And before any statement of agreement, we need a statement of repentance from the Vatican. Bloodshed isn't just semantic.
By Douglas Jones
Do Christians really have to join the call for a ban on human cloning? I think not. The issue seems so simple. Science wants to play God, and that's bad. Hence, ban cloning. The President appealed to the "deep concerns of faith and humanity" in his rebuke of Richard Seed's boast that he would soon begin work on human cloning. The President declared that "It's now clearer than ever that legislation is exactly what is needed."
But Dr. Seed hasn't flinched. His response was to recite the monotones of progress: "New things of any kind, mechanical, biological, intellectual, always tend to create fear. Then the subject becomes tolerated and ignored. And the third stage, which always happens, is the subject becomes enthusiastically endorsed, and I think the same thing will happen in human cloning." Insert yawn here.
Much of the cloning debate dances around conflicting theologies of progress. Dr. Seed and his co-religionists believe that technological improvements will rid the future of disease, catastrophe, and mean people. Chaos is the problem, and mathematical laboratories can straighten all the lines. And so anyone who opposes technological progress is a defender of the Bad.
Other social evolutionists, like the President and his intellectuals, agree that chaos is the problem and think that individualistic scientists are part of the whirl. They reject technological providence in favor of providence by civil dictate. They wouldn't mind cloning so much if the chaos could be predestined by federal ethics panels and an omniscient bureaucracy.
Christianity holds that moral faithfulness gives rise to cultural progress. God says He blesses individuals and cultures who love Him and keep His commandments. This means that societies can improve—getting rid of disease, catastrophes, and mean people—even without digital toys, genetic engineering, executive orders, or nuclear weaponry.
But banning cloning only encourages the rebels at this late stage. The lust for the forbidden won't be stopped by executive order. Dr. Seed claimed that "We are going to have almost as much knowledge and almost as much power as God. Cloning and the reprogramming of DNA is the first serious step in becoming one with God." We need to put this sort of arrogance on center stage and light it well. Let it topple in prime time. And if we really want the idols of modernity to fall quickly, let's encourage them. How about federal funding for cloning? That destroys just about everything it touches. How about media overexposure? That killed both Michael Jackson and disco.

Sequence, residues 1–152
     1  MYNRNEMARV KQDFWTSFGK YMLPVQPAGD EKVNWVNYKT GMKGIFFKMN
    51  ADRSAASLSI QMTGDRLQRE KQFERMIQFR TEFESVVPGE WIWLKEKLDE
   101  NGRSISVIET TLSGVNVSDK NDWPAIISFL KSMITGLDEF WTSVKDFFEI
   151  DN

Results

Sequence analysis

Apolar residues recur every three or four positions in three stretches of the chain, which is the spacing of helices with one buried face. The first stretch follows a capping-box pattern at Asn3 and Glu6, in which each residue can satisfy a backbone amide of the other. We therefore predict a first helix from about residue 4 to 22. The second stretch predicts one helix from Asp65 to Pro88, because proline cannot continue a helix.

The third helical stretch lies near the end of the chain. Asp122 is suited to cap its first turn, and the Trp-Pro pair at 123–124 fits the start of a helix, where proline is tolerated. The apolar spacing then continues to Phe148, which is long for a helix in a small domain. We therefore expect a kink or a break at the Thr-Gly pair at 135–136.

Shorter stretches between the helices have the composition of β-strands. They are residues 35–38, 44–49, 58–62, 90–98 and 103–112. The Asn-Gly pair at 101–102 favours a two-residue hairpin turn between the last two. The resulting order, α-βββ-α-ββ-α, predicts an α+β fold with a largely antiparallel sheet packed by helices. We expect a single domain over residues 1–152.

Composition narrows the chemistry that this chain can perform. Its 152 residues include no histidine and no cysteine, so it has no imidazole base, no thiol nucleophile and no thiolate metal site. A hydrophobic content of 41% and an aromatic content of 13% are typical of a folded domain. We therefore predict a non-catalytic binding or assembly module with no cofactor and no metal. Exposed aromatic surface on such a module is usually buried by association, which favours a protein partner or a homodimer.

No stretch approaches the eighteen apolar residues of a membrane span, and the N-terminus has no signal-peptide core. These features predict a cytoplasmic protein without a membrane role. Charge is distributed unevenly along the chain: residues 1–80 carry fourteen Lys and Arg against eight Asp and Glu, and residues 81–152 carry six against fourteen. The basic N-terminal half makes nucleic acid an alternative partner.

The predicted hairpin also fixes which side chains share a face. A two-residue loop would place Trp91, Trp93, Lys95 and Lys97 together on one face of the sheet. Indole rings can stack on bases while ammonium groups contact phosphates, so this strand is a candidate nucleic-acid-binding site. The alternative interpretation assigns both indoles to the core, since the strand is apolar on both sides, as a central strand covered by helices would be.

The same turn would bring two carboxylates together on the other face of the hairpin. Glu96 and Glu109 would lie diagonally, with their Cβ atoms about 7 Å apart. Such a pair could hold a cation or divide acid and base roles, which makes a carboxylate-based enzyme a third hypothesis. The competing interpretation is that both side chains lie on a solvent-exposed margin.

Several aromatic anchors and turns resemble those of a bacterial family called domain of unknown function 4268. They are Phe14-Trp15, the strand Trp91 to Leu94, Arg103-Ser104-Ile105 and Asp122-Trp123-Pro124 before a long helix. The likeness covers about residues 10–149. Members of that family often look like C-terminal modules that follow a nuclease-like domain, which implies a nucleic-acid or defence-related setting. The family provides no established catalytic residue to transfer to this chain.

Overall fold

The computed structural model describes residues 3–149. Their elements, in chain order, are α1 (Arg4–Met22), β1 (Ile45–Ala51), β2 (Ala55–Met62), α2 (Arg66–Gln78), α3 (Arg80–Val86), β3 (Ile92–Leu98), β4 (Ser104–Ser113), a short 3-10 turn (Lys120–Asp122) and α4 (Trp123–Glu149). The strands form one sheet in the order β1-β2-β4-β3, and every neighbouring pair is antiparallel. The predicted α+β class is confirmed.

What's the worst cloning could do? Create collosal human monsters that swallow the continents? No, God sets the limits of possibility and the end of the world, not the white lab coats. And sometimes He allows evil to grow before judgment—"the iniquity of the Amorites is not yet complete." So in the midst of the cloning debate, we should remember the wisdom of Gamaliel: "And now I say to you, keep away from these men and let them alone; for if this plan or this work is of men, it will come to nothing."
High Crimes and Misdemeanors
By Douglas Wilson
Despite the mess our political system is in, periodically some measure of common sense will struggle into the light of day. This is certainly to be expected; no system is so distorted as to get everything wrong.
In such situations, the triumph of hope over experience is observed yet again. Such periodic manifestations of justice are routinely seized upon by many as triumphant evidence that, despite everything, the "system still works."
But the current corruption of our system of government is the necessary corruption which attends a corpse. And every new and suggested reform brought to Washington is nothing more than another kind of make-up applied by a different undertaker. We have two schools of thought among our undertakers—Republican and Democrat. They often have vigorous disputes between themselves.
This includes the "reform" of impeachment. Recently we have seen the open and serious discussion of the possible impeachment of our president. Now the fact that President William Jefferson Clinton, if he were governing in honest country, would be impeached is now beyond any informed contradiction. The Nixon White House was brought down by a bungled burglery, and the persistent and mendacious lying which followed it. But that affair, resulting in the resignation of a sitting president, pales in comparison to the spectacular achievments of this incumbent, Nixon's successor.
The media knows far more than it pragmatic tactic, Mr. Clinton is very good at this. Nixon was foolish enough to be ashamed of himself.
If Mr. Clinton is impeached, it will not necessarily be evidence that the "system works." But if he is not impeached, then we have incontrovertible evidence that the system is dead and gone.
This joke of a system is why we have words like laughingstock.